Sam Keen on the Death of God
The first shock wave created by the recent use of the metaphor "the death of God"
is beginning to subside. The religiously secure were briefly irritated because it
was Christian theologians rather than atheists who were daring to use
such irreverent language. But the reassurances that all was well in the world of
religion began to appear. ...
Religious language and institutions might be in need of renewal, but God remained
alive and in good health. Nor did the death-of-God theology seem to have any more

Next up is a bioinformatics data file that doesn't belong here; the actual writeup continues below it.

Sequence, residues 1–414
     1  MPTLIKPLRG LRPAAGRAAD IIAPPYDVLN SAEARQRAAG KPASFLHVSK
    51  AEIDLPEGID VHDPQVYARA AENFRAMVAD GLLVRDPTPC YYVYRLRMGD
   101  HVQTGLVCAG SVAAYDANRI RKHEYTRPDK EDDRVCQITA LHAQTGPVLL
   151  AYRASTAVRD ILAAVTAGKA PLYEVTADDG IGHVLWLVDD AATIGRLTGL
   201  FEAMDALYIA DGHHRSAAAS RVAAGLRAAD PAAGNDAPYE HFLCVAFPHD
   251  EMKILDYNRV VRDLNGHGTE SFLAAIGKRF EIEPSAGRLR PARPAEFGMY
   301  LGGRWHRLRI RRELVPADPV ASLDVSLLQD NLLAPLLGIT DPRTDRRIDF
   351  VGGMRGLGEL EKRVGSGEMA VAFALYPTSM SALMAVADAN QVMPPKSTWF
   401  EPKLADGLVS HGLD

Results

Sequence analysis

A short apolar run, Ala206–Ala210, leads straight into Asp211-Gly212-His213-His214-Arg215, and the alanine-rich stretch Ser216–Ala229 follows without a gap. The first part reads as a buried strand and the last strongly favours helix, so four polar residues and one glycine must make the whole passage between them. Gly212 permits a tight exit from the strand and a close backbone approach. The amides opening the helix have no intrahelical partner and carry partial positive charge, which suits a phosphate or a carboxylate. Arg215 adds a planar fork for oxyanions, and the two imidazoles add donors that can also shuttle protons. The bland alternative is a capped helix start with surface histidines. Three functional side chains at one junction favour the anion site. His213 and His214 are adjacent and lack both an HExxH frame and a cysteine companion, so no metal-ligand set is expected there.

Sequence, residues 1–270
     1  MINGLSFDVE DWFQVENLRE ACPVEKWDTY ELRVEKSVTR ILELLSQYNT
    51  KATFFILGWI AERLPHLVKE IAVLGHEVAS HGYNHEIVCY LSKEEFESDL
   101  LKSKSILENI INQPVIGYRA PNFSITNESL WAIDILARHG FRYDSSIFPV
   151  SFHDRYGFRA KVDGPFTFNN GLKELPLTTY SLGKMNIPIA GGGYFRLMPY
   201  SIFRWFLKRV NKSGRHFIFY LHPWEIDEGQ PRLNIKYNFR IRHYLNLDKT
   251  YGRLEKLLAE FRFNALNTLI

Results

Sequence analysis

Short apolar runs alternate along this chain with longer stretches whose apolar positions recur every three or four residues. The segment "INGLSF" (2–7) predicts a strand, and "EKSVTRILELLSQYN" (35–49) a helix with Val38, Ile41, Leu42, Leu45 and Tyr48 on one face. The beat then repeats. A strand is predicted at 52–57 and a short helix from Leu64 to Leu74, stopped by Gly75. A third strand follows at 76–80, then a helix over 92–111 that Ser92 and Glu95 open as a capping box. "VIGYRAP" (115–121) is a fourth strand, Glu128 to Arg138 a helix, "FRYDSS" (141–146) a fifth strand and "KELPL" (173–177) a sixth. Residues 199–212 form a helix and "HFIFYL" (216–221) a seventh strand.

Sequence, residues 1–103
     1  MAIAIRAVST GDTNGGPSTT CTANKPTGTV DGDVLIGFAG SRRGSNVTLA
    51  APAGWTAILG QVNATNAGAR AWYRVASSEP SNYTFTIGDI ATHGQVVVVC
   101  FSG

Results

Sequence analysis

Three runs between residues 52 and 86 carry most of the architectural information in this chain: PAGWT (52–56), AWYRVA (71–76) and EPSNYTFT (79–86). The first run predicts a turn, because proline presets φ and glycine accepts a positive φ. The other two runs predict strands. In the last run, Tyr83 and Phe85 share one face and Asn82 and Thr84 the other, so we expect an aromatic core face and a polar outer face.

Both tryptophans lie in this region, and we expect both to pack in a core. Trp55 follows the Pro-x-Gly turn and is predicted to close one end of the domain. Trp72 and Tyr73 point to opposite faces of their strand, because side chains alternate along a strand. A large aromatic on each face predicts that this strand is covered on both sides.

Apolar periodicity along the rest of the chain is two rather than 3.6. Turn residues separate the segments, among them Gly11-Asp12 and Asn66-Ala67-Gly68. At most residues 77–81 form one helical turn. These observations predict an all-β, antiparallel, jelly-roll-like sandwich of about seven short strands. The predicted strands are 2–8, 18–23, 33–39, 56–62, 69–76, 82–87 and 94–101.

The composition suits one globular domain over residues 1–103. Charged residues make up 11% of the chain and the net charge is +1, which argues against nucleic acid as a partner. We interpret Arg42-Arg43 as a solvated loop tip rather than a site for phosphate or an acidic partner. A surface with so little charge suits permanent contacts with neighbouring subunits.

profound and lasting effect upon the nonreligious community. The silent
atheism of our culture, which is hidden under the pragmatic axiom which
exclude all ultimate concerns from the arena of decision-making, took no notice
of the supposed withdrawal of the Absolute. ...
Belief or disbelief in God involves a whole hierarchy of ideas, attitudes, and
feelings about nature, history, and the manner in which one aspires and acts
within human community. Both theism and atheism are long-range, radical
commitments. As Sartre pointed out, it is not possible, without bad faith,
merely to cross out the word "God" and go on existing within a theistic world of
feeling and action. 83-5
Sam Keen, To a dancing God (Harper & Row: NY 1970)